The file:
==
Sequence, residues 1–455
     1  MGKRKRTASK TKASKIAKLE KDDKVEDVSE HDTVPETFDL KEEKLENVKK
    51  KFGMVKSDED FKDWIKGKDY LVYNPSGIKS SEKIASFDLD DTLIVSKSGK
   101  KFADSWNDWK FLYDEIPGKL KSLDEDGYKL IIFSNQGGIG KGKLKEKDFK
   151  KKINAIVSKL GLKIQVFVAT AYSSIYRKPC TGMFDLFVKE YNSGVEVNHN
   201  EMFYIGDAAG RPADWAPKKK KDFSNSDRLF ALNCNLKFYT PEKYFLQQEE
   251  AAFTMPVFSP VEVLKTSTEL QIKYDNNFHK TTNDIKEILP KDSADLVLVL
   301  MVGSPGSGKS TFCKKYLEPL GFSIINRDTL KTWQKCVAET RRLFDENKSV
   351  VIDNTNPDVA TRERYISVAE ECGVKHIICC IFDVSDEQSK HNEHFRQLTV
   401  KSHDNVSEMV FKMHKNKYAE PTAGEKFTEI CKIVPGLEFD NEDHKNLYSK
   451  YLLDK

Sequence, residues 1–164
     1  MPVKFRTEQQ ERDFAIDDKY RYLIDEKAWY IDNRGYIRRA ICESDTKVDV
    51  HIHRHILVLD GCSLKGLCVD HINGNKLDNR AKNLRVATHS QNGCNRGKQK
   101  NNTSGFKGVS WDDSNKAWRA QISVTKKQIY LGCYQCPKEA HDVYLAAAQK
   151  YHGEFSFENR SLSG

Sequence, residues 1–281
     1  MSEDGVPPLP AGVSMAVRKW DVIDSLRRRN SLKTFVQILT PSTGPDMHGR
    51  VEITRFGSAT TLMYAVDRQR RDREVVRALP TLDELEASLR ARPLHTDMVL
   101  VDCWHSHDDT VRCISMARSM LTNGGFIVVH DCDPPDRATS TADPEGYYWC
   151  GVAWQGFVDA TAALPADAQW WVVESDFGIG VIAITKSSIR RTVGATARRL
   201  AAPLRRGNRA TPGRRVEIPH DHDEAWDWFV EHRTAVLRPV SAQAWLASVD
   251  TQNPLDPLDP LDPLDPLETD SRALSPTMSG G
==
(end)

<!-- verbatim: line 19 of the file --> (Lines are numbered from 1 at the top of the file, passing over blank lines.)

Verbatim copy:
    51  VEITRFGSAT TLMYAVDRQR RDREVVRALP TLDELEASLR ARPLHTDMVL